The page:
This whole Bill Cosby situation scares me.

In case you need a recap, it’s been publicly acknowledged in the past year that dozens of women are accusing revered and respected comedian and actor Bill Cosby of drugging and raping them.

Accuser after accuser has come forward telling a similar story - some with varying degrees of credibility, in my opinion, but all are being (rightfully) taken very seriously.

It’s become quite the discussion point for people, especially in light of the idea that a man with money, power, and respect would abuse it so severely in secrecy.

The scary part, though, is not the facts of this case.

Those with money and power abuse it all the time. From the beginning of recorded history, those who have the power make the rules. It’s a temptation that is hard to resist.

That doesn’t mean you ignore that fact, of course. But I just am not shocked in that sense.

I also can confidently stand before you and say I have no idea if Bill Cosby is guilty or not. The lineup of accusers is certainly damning, but there is enough in this case that doesn’t add up in my mind.

I don’t really have a stance at this point. If he’s guilty, he should be held accountable, absolutely. I won’t stand up and say he is or isn’t right now.

So those things don’t scare me. What scares me is the reaction from the media and the general public.

People are mad about it, and I totally get that part. If it winds up being true, I’ll be mad too.

But I’m sitting back and watching people accuse Cosby of “ruining my childhood”. Virtually every television network has pulled The Cosby Show - one of the most classic and wonderful sitcoms in television history - from syndication.

The conversations revolving around Cosby at get-togethers lately have started with “So can you bring yourself to watch The Cosby Show ever again?”

It's a dumb question

Look, America is Ground Zero for hero worship. I always felt I was above that, but I’m no exception. Cosby, in a lot of ways, was a hero of mine.

I had him on a pedestal from some of the public work he’s done. I have no problem admitting that.

But I didn’t have him on a pedestal because of the personal details of his life that I knew. I held him to a high standard of respect because of the following four things:

  • He is incredibly funny. I’ve seen his standup live twice and they were an absolute riot.
  • His TV show was a classic. It’s one of the finest sitcoms in history, and it holds up to this day.
  • His material has always been very family-friendly. He never resorted to a cheap or crude joke.
  • He did a lot of good charity work. There are lots of stories of his generosity over the years.

These are all great things to admire about a man, but as we do in America, we used these things as reasons to hold him up as “America’s Dad”.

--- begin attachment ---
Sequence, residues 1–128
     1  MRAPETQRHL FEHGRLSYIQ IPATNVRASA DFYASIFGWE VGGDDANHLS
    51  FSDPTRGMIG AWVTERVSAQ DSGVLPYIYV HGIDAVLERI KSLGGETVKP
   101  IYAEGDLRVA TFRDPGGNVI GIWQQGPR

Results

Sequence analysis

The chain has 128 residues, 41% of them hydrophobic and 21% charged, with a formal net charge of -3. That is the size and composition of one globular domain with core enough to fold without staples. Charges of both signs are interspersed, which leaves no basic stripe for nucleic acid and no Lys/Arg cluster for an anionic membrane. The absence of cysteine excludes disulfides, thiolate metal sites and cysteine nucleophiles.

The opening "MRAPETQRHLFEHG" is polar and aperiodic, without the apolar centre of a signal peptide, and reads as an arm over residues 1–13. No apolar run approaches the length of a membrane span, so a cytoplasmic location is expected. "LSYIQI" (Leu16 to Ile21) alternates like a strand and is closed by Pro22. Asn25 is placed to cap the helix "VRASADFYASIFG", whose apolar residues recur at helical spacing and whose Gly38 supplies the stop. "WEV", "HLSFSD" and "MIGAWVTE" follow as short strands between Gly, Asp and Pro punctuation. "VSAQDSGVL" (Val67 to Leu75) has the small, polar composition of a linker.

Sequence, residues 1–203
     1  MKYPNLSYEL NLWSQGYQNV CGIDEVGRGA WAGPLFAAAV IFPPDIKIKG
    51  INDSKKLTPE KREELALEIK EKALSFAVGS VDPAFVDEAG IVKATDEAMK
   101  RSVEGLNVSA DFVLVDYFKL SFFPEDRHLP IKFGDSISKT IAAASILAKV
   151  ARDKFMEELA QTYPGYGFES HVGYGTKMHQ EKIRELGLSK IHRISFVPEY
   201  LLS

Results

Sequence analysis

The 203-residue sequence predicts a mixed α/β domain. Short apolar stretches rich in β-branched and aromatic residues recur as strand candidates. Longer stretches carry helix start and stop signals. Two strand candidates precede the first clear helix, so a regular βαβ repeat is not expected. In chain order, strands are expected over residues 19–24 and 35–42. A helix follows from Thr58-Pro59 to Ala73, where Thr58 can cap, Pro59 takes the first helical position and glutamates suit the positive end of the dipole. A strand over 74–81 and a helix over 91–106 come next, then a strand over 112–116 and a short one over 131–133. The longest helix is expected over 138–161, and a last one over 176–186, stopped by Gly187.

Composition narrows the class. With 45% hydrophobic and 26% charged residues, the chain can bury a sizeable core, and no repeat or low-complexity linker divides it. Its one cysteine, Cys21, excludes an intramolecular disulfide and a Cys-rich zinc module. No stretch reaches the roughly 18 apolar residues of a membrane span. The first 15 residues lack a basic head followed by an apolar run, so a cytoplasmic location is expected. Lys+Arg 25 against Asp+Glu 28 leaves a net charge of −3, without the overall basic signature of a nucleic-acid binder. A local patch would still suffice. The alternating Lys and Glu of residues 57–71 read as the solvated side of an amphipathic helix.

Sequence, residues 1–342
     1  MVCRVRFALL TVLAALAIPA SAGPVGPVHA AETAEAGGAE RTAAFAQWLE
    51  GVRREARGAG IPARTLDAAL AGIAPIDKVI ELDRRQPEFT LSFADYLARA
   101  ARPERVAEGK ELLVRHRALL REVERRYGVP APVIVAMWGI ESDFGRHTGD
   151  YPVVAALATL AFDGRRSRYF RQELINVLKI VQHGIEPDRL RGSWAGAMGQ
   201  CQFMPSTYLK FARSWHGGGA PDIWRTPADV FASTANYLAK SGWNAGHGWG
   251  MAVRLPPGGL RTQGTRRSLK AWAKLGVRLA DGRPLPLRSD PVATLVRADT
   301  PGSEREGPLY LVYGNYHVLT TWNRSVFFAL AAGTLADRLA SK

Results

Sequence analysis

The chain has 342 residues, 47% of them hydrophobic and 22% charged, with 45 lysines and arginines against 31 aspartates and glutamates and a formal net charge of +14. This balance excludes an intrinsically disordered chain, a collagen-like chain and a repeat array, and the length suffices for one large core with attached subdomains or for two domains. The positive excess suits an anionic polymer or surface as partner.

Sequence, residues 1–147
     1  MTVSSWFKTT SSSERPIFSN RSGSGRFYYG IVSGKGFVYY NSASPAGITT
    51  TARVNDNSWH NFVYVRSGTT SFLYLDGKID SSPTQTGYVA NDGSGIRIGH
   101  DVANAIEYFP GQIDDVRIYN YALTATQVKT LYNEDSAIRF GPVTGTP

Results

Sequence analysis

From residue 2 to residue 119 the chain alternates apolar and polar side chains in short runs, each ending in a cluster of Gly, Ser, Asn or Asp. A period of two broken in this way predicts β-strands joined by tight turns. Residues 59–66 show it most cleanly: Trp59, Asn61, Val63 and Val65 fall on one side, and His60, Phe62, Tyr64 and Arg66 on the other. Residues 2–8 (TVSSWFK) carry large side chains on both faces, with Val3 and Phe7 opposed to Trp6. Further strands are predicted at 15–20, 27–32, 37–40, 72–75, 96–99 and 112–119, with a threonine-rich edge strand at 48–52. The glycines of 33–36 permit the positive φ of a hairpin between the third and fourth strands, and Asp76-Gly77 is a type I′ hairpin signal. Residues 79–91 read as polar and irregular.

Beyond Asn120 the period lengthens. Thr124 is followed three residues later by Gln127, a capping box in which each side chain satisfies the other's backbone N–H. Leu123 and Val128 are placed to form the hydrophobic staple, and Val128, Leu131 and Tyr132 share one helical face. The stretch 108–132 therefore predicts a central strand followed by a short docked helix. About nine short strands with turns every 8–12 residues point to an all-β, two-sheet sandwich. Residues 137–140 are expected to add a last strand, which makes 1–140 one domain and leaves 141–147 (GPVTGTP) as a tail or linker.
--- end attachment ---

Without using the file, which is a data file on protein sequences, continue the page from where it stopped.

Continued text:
But, um, look over that list. Do any of those things qualify someone to be a “Dad”, even figuratively?

They are very good things, but they are all public acts. They’re big things. Good parenting comes from the little things, as we all know.

The private, personal details

Before his scandal really took off, I read his excellent biography.

In it, there is some mention of the many affairs that he had, despite being married for decades.

It took some of the shine off the persona. To me, it told me to pull back a little on the hero worship, as he personally wasn’t that great.

Despite the general reaction of outrage, nothing’s really changed for me - and probably not for anybody.

Go watch Bill Cosby:Himself. It’s still the gold standard of standup comedy.

Turn on an episode of The Cosby Show. You’ll still smile and laugh.

If guilty, Bill Cosby deserves punishment, yes. Although I’d argue that, at 78 years old, he’s already gotten away with it.

But at the heart of this, I never followed Bill Cosby for his personal attributes. I followed him because he was funny. That hasn’t changed.

I love the character of Cliff Huxtable, because that’s what I know. I don’t know Bill Cosby at all, and I never have.

And herein lies what scares me: the general public is showing an inability to separate Cliff Huxtable and Bill Cosby.

I’m an adult, and I am able to discern the difference between the two.

But so many people are crushed because they thought that Bill Cosby was Cliff Huxtable. But he only played him on TV.

We, as a nation, seem incapable or unwilling to understand the concept of a public persona versus knowing someone personally.

This Bill Cosby scandal shines a light on that.

I urge you, for the sake of our nation, to understand the difference.

Sure, you follow somebody on Instagram. They might be cool on Twitter.

People like Kim Kardashian because she seems cool on social media, and her life seems glamorous. But nobody knows what she’s like behind closed doors. She could be a wonderful human being, but she could also be the worst.

Dwayne Johnson is cool, well-dressed, and hilarious on social media, so people like him. He could be one of the most respectful and lovable people in recorded history on a personal level. He also could be a cocky jerk who will step on anyone to advance his career and protect that persona.

I’m not saying Kim Kardashian and Dwayne Johnson are or aren’t bad or good. I’m saying I don’t know them, and neither do you.

You don’t have a personal relationship with them. They could be absolute scumbags.

Everyone has sordid details in their lives. Some have just been jerks. Others are murderers, rapists, and whatever else.

Let’s just stop with this. Let’s pull back. Stop worshiping celebrities.

They’re not famous because they are good people. They are famous because they are good at something.

Respect that difference. I shudder to think what will happen to our nation if we don’t.